Tag Archives: Kuwait

Storyline: Kuwait swears in new emir after leader dies at 91.

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Kuwait on Wednesday swore in its new emir, Sheikh Nawaf al-Ahmad Al-Sabah, and prepared to receive the body of his half-brother, the late ruler Sheikh Sabah who died in the US at the age of 91.

Sheikh Nawaf was visibly emotional as he addressed the National Assembly a day after the death of the emir, an acclaimed diplomat and mediator who ruled for 14 years.


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“The precious confidence that the people of Kuwait have entrusted in us will be guarded with our lives,” the 83-year-old said after taking the oath of office.

He pledged to “serve the nation” in the address before lawmakers, who sat socially distanced and in masks, in line with coronavirus precautions.

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The remains of Sheikh Sabah al-Ahmad Al-Sabah are expected to arrive in Kuwait City later Wednesday, on a flight from Minnesota where he had been undergoing treatment in hospital since July.

According to the royal court, the funeral will be “restricted to the emir’s relatives” — a move likely designed to avoid large crowds amid the coronavirus pandemic. The country has already begun a 40-day period of national mourning.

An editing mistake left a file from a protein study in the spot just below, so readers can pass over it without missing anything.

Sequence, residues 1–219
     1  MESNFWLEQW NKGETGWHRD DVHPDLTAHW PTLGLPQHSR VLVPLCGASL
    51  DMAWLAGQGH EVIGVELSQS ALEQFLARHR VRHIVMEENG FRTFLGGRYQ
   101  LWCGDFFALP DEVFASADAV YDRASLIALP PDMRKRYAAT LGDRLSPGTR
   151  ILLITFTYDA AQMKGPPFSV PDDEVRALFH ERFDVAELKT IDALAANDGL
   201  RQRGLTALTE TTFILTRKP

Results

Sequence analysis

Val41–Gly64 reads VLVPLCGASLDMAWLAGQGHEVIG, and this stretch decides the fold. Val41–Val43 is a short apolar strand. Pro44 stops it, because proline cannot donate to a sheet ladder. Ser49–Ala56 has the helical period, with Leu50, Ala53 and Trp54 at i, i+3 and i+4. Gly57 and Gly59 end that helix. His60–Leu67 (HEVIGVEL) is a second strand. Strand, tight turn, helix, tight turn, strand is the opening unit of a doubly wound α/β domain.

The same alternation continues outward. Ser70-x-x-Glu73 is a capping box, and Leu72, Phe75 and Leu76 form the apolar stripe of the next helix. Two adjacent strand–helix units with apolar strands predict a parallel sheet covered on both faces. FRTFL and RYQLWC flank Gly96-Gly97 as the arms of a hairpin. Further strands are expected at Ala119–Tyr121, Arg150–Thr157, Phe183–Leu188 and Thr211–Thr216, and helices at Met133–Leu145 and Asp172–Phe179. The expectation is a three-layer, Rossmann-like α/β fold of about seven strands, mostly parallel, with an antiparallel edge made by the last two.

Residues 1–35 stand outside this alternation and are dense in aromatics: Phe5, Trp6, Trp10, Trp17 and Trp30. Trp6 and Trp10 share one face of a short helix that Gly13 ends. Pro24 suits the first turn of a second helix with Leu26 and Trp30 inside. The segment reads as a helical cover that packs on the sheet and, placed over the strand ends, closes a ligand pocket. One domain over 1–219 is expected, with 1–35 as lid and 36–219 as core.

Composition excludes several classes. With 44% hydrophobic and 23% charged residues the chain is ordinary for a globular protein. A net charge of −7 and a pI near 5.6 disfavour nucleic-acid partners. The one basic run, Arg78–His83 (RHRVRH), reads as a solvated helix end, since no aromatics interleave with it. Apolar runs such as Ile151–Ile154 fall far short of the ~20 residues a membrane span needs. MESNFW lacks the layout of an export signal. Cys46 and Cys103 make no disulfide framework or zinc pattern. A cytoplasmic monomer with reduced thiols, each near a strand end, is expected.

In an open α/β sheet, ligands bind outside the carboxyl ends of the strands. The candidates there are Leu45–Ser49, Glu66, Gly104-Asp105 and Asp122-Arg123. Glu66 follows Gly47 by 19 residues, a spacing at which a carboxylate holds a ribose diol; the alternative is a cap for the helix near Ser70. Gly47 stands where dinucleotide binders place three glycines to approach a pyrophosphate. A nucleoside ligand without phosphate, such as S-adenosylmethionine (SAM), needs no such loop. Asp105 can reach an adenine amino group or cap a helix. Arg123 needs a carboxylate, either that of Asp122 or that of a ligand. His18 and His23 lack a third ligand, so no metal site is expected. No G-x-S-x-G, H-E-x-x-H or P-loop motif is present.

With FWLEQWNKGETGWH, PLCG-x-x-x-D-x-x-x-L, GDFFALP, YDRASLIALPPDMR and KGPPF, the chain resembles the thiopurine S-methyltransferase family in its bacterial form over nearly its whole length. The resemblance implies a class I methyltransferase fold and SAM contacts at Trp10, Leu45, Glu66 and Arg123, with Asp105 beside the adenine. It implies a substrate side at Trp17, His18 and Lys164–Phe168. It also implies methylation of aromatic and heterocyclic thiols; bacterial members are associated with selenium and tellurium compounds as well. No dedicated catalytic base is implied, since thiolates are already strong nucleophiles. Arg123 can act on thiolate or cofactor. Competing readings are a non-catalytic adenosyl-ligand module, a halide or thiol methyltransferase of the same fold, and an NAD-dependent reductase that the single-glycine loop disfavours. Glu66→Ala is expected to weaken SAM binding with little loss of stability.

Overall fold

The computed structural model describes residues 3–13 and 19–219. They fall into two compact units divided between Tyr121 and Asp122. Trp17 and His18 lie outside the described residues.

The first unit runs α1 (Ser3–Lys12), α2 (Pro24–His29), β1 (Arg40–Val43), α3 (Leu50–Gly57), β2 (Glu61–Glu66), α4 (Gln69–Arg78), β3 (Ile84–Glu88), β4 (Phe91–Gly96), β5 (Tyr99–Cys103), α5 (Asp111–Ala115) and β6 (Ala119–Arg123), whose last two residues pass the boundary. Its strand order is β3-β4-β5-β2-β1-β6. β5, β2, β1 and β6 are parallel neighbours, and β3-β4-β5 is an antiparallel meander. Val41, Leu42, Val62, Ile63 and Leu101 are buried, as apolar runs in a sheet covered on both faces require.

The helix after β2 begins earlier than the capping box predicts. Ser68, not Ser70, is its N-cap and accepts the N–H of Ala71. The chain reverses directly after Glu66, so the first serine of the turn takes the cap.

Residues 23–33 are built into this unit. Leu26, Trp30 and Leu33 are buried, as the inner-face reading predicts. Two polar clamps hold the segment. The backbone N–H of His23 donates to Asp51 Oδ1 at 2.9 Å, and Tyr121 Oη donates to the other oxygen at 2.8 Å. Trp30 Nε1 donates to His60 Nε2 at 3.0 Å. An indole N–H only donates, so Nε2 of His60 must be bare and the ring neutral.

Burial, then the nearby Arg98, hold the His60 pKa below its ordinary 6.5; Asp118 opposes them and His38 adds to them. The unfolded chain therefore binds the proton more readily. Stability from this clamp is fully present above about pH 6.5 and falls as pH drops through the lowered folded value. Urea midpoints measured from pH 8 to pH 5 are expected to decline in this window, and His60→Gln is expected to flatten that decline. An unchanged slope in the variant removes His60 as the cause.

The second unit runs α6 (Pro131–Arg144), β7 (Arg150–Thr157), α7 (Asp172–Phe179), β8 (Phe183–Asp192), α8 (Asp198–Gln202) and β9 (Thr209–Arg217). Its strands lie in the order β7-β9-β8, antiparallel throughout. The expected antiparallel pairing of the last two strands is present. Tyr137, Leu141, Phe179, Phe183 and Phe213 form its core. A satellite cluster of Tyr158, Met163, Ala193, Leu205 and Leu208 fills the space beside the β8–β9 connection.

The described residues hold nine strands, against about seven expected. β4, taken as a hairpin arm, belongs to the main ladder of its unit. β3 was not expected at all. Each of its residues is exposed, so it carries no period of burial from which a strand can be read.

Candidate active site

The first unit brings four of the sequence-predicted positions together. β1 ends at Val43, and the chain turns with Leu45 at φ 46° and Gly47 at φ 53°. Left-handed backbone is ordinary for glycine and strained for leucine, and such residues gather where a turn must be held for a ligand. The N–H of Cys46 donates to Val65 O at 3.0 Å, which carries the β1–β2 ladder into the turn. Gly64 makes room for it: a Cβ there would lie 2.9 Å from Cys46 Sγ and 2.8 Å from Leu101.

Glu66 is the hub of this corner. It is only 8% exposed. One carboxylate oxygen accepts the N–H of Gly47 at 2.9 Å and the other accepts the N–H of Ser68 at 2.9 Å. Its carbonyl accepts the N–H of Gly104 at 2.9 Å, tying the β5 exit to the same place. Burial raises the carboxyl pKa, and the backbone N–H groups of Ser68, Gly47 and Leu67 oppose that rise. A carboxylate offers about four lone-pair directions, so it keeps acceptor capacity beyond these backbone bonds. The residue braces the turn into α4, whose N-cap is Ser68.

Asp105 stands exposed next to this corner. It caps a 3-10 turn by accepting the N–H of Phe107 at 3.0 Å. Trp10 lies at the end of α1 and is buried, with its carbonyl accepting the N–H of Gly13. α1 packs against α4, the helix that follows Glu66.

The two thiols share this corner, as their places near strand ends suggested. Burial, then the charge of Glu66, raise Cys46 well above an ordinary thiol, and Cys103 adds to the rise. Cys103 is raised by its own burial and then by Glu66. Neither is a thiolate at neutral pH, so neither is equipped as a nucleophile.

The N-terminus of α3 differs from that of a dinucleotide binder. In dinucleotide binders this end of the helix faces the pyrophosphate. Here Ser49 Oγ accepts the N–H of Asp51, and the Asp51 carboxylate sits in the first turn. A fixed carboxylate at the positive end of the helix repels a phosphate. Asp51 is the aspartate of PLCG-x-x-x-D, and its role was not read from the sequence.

Sheikh Sabah earned a reputation as a shrewd, unshakeable leader who helped steer his country through the 1990 Iraqi invasion, crashes in global oil markets and upheavals in parliament and on the streets.

World leaders and Kuwaitis alike have hailed the legacy of the late emir, architect of the nation’s modern foreign policy and mediator in some of the worst crises to grip the Gulf.

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“This man was the safety valve of the Arab world, not just for Kuwait,” Bandar al-Dahani, a Kuwaiti citizen, told AFP.

Sheikh Nawaf al-Ahmad Al-Sabah (C) reads a statement asfter being sworn in as Kuwait’s new Emir at the National Assembly in Kuwait City, as Parilament Speaker Marzouq al-Ghanem (L) looks on, on September 30, 2020. – Kuwait on Wednesday swore in its new emir, Sheikh Nawaf al-Ahmad Al-Sabah, after the death of his half-brother, Sheikh Sabah, who died in the US at the age of 91. (Photo by Yasser Al-Zayyat / AFP)